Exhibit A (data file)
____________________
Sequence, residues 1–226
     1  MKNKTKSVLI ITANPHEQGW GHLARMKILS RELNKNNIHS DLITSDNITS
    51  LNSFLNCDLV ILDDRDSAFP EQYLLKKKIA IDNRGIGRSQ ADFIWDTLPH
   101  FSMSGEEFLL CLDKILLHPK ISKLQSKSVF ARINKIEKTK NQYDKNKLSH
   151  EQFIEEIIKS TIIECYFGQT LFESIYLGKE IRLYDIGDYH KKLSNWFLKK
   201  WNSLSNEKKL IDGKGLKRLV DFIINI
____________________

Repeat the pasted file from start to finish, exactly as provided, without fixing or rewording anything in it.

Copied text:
Sequence, residues 1–226
     1  MKNKTKSVLI ITANPHEQGW GHLARMKILS RELNKNNIHS DLITSDNITS
    51  LNSFLNCDLV ILDDRDSAFP EQYLLKKKIA IDNRGIGRSQ ADFIWDTLPH
   101  FSMSGEEFLL CLDKILLHPK ISKLQSKSVF ARINKIEKTK NQYDKNKLSH
   151  EQFIEEIIKS TIIECYFGQT LFESIYLGKE IRLYDIGDYH KKLSNWFLKK
   201  WNSLSNEKKL IDGKGLKRLV DFIINI